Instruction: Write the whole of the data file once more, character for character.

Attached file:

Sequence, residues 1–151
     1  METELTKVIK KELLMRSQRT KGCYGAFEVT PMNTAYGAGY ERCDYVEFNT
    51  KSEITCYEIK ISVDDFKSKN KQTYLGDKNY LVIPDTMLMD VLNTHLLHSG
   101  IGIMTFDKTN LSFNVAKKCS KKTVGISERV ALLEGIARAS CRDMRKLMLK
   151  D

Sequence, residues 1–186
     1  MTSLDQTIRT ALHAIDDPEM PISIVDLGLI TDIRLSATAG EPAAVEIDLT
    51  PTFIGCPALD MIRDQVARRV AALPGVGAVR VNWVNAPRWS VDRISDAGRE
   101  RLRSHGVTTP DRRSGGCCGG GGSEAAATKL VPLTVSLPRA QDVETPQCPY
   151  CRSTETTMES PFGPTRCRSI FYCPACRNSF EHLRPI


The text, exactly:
Sequence, residues 1–151
     1  METELTKVIK KELLMRSQRT KGCYGAFEVT PMNTAYGAGY ERCDYVEFNT
    51  KSEITCYEIK ISVDDFKSKN KQTYLGDKNY LVIPDTMLMD VLNTHLLHSG
   101  IGIMTFDKTN LSFNVAKKCS KKTVGISERV ALLEGIARAS CRDMRKLMLK
   151  D

Sequence, residues 1–186
     1  MTSLDQTIRT ALHAIDDPEM PISIVDLGLI TDIRLSATAG EPAAVEIDLT
    51  PTFIGCPALD MIRDQVARRV AALPGVGAVR VNWVNAPRWS VDRISDAGRE
   101  RLRSHGVTTP DRRSGGCCGG GGSEAAATKL VPLTVSLPRA QDVETPQCPY
   151  CRSTETTMES PFGPTRCRSI FYCPACRNSF EHLRPI